A Day of Deconstruction and a New Perspective

I am here to rebuild.

I’ve thought that to myself and paraphrased it to others many times recently. Even my essay for Challenge Detroit touched on the blight that has both stereotypically and metaphorically come to define the city. Only two weeks into fellowship, I find myself retrospectively disagreeing with my initial perceptions and here’s why…

This past weekend I volunteered at a property in Detroit, trying my hand at deconstruction. Deconstruction is an alternative to demolition, trading bulldozers for hammers and patiently dissecting structures as a means of preservation. In the realm of Detroit, it serves as a framework for salvaging materials and clearing blight around the city. Paired with reconstruction, it translates old and condemned into new and productive, all the while preserving the rich history of Detroit through the recycling of architectural remnants. On this particular day, weeds were my enemy. It was a day filled with labor, collaboration and experience.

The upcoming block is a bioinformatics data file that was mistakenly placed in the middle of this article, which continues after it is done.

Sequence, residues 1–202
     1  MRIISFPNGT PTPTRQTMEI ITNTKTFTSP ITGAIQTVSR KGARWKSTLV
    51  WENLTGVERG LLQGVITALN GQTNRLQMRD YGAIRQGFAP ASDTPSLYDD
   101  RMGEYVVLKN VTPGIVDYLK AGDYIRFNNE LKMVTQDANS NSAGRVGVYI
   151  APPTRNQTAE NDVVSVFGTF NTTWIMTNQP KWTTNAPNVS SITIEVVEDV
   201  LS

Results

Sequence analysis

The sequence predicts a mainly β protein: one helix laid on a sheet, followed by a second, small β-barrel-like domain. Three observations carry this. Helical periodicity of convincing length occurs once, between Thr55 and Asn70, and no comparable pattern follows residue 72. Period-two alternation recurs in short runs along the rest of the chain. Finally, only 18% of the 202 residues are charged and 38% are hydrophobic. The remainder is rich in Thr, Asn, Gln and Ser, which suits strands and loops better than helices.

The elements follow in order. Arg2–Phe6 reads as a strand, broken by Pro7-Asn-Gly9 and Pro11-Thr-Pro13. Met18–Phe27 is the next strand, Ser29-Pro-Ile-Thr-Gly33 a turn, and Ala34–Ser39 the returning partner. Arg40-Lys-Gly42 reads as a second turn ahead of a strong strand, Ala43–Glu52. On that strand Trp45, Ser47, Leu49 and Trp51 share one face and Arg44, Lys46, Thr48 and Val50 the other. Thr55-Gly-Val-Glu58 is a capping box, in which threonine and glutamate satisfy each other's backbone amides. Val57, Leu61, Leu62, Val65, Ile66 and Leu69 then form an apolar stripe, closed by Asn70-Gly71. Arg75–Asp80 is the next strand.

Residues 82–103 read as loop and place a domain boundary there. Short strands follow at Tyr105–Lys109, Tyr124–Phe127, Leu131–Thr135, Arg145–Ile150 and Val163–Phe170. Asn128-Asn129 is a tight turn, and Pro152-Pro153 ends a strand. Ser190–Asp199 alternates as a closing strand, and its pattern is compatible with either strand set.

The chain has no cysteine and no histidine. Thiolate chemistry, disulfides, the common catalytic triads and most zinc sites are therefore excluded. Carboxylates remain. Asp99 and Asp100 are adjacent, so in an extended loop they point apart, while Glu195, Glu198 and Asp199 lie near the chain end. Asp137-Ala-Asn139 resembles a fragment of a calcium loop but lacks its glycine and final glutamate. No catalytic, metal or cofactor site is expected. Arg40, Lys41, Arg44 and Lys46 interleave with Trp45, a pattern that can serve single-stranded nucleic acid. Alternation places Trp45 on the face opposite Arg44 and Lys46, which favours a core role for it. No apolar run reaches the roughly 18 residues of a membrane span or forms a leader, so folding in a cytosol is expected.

Amidst our tasks there were occasional visitors. In particular, a young woman with palpable curiosity and intriguing inquisition. It turned out her grandmother was the prior owner of the house and she had spent much of her childhood in the very structure we were delicately clearing. It then dawned on me that to “rebuild” something implies it to have once been damaged or destroyed, and Detroit was neither. The house she once considered home was now a collection of materials organized in a nearby warehouse. These materials will one day serve the needs of a new home, linking the past and the present in a resourceful manner that bears meaning for multiple generations.

And now I think differently. I am here to build.